The Performance Bond is an autonomous guarantee at first demand which is issued by the guarantor upon instructions of a subject (for example, the seller or the contractor, so-called ‘applicant’) based on a contract stipulated between the guarantor and the applicant.
The applicant submits the request to issue the bond according to the conditions of the underlying contract stipulated between the seller/contractor and purchaser/owner and to secure the due performance in favour of the latter.
We have analyzed in other articles the main characters of the Performance Bond, but it must be emphasized here that it is a guarantee substantially independent from the underlying contract (in our example, the sales or works contract) and that it can be paid on the basis of a simple demand that the purchaser will send to the guarantor.
Although in Italy often (in our opinion with superficiality) it is simply defined as ‘on-demand guarantee', the performance bond must be more correctly defined as autonomous and on-demand guarantee.
the performance bond is issued on the basis of a contract
between the seller/contractor (the applicant) stipulates with the guarantor
(usually its bank).
It is precisely from this contract (separate and independent from the sale or works contract) that a series of obligations arise for the guarantor, especially during the calling process.
Compliance with these obligations often makes it possible to obtain that the bank refrains from the requested payment (because the calling is abusive or fraudulent).
Obligations of the bank during the issue of the bond
In every contract between a client and a bank, it is essential to take into account the level of knowledge that the client may have in relation to that particular contract and his experience in the related sector.
In case of request for the issue of performance bond, the bank is deemed to have not specific obligations to inform and 'instruct' the applicant about the risks associated with the issue of this type of guarantee.
It is assumed, indeed, that the purchaser/contractor is an entrepreneur capable of assessing and understanding the risks that may arise from the issue of this guarantee.
Nonetheless, the bank has a general duty to verify at least that, the seller/contractor actually is well aware of the associated risks. It is clear that, the bank cannot avoid to explain in details, for example, the differences between on-demand bond and surety if it is the first international transaction that the applicant stipulate.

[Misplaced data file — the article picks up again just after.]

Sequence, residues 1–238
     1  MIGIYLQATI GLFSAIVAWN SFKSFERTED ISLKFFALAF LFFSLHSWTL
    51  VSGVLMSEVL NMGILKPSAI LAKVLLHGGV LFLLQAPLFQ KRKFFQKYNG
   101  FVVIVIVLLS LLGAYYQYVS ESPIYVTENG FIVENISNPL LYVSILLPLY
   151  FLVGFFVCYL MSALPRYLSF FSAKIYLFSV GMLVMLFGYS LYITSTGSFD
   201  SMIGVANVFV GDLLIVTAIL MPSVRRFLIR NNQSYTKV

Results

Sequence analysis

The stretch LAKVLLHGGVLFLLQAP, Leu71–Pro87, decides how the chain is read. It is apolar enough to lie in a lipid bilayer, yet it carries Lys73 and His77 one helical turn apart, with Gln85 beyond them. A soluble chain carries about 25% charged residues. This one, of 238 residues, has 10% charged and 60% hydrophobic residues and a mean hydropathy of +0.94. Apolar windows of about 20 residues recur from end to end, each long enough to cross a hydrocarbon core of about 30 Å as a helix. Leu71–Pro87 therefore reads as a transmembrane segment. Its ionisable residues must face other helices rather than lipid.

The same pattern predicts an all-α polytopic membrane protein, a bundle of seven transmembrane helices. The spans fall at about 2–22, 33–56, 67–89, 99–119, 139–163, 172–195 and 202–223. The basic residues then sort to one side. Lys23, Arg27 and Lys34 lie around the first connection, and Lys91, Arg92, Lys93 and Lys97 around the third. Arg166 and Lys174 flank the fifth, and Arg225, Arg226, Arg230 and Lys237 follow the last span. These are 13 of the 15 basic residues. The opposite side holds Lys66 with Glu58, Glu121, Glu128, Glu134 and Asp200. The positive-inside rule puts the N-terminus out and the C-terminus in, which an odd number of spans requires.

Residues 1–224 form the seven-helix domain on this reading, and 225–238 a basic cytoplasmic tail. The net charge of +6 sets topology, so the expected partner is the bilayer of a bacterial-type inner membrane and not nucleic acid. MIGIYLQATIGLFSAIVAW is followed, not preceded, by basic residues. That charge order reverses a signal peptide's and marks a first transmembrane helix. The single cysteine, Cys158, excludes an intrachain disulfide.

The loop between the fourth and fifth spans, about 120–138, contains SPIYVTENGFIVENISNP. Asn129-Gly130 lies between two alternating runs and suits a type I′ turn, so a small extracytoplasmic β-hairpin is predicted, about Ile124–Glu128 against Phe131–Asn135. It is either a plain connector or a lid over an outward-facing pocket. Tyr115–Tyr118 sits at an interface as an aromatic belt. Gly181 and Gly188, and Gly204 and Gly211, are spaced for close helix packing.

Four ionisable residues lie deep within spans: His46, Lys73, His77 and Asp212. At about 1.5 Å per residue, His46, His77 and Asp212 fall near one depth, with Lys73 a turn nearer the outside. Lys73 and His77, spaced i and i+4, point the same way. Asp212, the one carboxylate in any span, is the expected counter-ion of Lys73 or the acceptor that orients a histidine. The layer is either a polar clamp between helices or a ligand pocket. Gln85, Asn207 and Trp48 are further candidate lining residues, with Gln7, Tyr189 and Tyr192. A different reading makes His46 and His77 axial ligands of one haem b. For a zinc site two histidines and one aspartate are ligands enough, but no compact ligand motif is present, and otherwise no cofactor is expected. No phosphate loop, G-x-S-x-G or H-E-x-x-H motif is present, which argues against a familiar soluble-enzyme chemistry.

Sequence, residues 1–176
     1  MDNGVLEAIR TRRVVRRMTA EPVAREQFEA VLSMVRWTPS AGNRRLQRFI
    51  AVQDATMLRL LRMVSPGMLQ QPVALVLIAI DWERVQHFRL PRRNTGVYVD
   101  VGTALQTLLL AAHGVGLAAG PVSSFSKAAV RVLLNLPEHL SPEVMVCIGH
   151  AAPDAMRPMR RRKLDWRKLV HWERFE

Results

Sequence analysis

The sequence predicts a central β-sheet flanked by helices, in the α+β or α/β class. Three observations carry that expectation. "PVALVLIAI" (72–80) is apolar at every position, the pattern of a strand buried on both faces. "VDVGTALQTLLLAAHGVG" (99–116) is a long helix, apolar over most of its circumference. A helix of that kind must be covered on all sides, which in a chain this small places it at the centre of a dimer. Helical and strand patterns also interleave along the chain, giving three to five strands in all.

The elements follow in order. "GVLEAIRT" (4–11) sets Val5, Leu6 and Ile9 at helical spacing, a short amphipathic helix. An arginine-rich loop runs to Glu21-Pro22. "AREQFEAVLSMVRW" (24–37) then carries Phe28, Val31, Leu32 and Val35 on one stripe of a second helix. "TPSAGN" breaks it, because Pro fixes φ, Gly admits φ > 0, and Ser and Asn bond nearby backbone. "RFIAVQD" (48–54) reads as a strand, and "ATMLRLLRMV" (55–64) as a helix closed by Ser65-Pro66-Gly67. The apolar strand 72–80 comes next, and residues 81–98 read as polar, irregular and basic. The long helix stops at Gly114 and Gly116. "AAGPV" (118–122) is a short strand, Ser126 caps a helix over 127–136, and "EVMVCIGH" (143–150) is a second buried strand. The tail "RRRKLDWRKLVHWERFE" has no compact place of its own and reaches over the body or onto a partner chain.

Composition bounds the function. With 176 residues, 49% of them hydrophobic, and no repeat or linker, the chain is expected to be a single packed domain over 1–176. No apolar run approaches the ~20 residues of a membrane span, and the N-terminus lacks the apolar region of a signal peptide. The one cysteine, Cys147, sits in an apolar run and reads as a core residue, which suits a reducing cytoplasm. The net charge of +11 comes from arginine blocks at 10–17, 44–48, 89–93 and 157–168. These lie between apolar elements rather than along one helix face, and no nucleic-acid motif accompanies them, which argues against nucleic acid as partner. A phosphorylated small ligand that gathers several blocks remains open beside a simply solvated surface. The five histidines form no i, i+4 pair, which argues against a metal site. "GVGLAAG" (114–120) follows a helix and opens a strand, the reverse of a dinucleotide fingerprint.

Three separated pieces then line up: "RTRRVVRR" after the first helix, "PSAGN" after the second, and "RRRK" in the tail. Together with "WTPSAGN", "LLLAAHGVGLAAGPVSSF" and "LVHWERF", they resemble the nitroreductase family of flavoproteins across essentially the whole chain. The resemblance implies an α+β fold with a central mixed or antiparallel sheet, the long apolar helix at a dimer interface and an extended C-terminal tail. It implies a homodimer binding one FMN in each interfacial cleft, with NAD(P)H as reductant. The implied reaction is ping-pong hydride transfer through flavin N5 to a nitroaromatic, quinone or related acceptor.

We know that in case of issue of a performance bond (or other autonomous guarantee), the bank usually grants a credit facility to the applicant.
In the event the bond is called and paid, the bank will off set the amount paid to the beneficiary of the bond against the credit facility by exercising the ‘right of recourse’.
Obligations of the bank in case of calling of the bond
In the case the bond is called, there are two types of bank obligations:
- obligation to promptly inform the applicant about the calling;
- obligation to verify if the calling is abusive.
Let's see better what we are talking about and how these obligations work in practice.
- OBLIGATION OF THE BANK TO INFORM THE APPLICANT ABOUT THE CALLING
Although the banks try to limit such obligation, it is substantially out of the question that, the bank-guarantor must inform the applicant as soon as it receives the demand calling the bond.
This is based on various reasons, but the main ones are that:
- the bank must fulfil the contract with the applicant complying with the required diligence which does not cease for the sole fact that the bank has undertaken to pay a certain amount ‘at first demand’;
- only the applicant can provide the bank with necessary details to prove that the calling is abusive and obliging the bank to refrain from the payment.
As mentioned above, the banks often try to limit its obligation to inform the applicant by including in the contracts the standard clauses such as:
‘the bank will pay at first demand,
without obligation to provide the applicant with prior information.’
It must be kept in mind, as a further proof of what has been said, that the Uniform Rules of the ICC (International Chamber of Commerce ICC Rules no. 758) expressly provide that, as soon as the calling letter is received, the bank is obliged to inform the applicant thereof.
- OBLIGATION OF THE BANK TO VERIFY IF THE CALLING IS ABUSIVE
In this respect, there is no doubt that the bank, before proceeding with the payment, must verify (even if within certain limits) that the calling is not abusive. On this point, see also our article on abusive calling of a performance bond.